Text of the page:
The Evolution of Language and Ancient History of Translation

date04 يناير 2018 authorمن طرف translationboy

Before words came into existence people used signs and symbols to communicate. Eventually sounds started to represent places, people and objects. Eventually these sounds turned into words and words into sentences, soon people were able to speak to one another and carry on conversations. Language is an invaluable part of the evolution of humans. Once language was formed, written language soon followed. Language first presented itself somewhere between 30,000 and 100,000 years ago. As population expanded and people divided, different languages formed, creating a need for translation.

Some of the earliest forms of translation are on clay tablets, translating vocabularies in Sumerian and Eblaite or Eblan, which is an extinct language from the ancient city Ebla in Syria. The translations consisted of financial data, rituals and literary texts. The Rosetta Stone is probably the most well know example of ancient translation. The stone displays a decree essentially saying the exact same thing in Egyptian hieroglyphs, Demotic (Egyptian) script and Ancient Greek. The Rosetta Stone was an incredible discovery because it has been used as our guide to understanding and translating ancient Egyptian hieroglyphs and culture.

The majority of early translations were religious in nature. During the 4th century, Saint Jerome, who is known as the saint of translators, took the Hebrew Bible (Old Testament) and translated it from Hebrew into Latin which is now called the Vulgate. This was the chosen Bible for the Roman Catholic Church for years to come. Soon the Protestant Reformation noticed that when this Bible was translated into local European languages, there were distinct differences in the words and passages. This ultimately led to the split of Christianity into Roman Catholicism and Protestantism. Translation has played a massive role in the forming of people, their culture and beliefs throughout our history.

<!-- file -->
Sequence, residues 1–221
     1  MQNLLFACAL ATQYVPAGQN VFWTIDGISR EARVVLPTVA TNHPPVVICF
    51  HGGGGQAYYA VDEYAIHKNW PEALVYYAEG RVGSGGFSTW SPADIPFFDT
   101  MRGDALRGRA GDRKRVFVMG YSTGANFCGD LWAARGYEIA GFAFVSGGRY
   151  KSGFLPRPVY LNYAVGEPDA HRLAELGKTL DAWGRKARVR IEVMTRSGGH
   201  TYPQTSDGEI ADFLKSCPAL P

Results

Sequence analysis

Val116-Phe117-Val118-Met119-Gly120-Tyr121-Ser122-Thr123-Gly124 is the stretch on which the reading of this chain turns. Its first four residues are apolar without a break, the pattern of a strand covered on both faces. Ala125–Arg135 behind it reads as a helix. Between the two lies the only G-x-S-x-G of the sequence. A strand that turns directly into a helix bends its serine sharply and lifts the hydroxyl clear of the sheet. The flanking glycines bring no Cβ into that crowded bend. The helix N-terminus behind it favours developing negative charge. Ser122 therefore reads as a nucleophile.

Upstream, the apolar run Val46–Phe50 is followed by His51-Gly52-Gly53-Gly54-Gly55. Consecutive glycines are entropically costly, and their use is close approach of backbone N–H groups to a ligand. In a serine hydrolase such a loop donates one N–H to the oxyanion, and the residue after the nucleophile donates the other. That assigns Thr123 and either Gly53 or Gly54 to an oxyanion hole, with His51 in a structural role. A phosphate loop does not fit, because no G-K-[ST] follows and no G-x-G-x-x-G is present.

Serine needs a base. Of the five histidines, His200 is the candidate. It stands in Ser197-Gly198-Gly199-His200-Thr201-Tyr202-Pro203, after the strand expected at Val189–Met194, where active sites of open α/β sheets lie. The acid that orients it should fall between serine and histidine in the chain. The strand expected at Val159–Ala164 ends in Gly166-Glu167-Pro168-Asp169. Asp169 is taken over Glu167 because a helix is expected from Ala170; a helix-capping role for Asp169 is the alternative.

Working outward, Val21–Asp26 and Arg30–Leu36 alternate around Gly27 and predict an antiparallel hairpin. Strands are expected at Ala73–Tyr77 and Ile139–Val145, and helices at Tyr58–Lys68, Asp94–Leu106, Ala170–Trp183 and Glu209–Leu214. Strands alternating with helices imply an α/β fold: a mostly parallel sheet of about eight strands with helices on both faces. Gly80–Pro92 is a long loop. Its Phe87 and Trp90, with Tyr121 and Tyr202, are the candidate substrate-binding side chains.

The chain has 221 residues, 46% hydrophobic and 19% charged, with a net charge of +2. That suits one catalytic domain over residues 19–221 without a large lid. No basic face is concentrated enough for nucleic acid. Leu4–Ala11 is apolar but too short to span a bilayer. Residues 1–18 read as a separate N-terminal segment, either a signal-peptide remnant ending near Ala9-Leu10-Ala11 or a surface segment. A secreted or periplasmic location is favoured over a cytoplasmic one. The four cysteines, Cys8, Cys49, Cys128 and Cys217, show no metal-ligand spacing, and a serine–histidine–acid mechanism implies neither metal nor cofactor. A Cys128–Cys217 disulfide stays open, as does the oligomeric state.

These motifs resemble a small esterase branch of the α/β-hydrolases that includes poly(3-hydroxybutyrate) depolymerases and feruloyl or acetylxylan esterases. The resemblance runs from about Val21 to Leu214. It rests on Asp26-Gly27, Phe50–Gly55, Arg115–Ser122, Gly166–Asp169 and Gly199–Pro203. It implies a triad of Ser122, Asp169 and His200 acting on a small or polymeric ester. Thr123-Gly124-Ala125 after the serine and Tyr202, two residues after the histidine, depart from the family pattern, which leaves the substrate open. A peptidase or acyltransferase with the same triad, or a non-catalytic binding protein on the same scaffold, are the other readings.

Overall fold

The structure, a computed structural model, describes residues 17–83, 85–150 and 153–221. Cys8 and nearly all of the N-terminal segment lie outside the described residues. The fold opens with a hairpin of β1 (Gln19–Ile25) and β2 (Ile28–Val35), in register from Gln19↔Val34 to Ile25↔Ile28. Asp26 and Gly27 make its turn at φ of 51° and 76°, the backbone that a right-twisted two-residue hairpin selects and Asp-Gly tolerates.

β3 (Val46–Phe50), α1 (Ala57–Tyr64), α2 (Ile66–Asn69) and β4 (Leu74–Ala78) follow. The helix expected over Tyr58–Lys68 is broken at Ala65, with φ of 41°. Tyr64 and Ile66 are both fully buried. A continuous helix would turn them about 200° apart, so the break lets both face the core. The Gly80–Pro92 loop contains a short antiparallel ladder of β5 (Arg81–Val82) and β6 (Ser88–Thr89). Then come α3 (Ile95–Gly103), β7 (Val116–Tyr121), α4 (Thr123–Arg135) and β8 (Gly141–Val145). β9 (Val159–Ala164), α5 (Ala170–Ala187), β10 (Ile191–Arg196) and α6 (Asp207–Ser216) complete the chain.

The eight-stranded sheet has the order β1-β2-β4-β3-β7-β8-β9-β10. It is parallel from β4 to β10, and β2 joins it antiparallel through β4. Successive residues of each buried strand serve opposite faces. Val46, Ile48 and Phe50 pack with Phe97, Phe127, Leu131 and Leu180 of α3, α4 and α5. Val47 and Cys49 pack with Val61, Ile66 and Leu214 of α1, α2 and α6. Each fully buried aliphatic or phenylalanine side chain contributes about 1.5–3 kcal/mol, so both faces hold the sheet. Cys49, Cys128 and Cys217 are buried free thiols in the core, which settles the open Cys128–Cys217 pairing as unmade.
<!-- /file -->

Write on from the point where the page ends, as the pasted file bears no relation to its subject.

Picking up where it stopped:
Many outstanding arabic translators and scholars were drawn to the school of translators in Toledo, Spain during the twelfth and thirteenth centuries due to the fact that there were collections of manuscripts that were being held in libraries to be translated from Latin into Arabic. Philosophical works by Aristotle were some of the first manuscripts to be translated during this time. Manuscripts regarding subjects such as astronomy, astrology, physics, mathematics and medicine were all translated. These scientific and technological translations were used to design and create some of the earliest curriculum used in the first universities in Europe and later led to the European Renaissance.

Translation and translators have contributed significantly to the development of world culture, spreading ideas and concepts, science and movements across the world. Translation is such an important factor in our history and development as a people that a translator by the name of William Tyndale actually lost his life over his translations. In Holland in 1536 William Tyndale was arrested and then executed for translating the Bible into the common vernacular of English. If translation didn’t exist all those years ago, modern life would not be as developed as it is now all due to a language barrier. Translators have helped to spread information and concepts to a broad amount of people, this enabled cultures to be built and unite people all over the world

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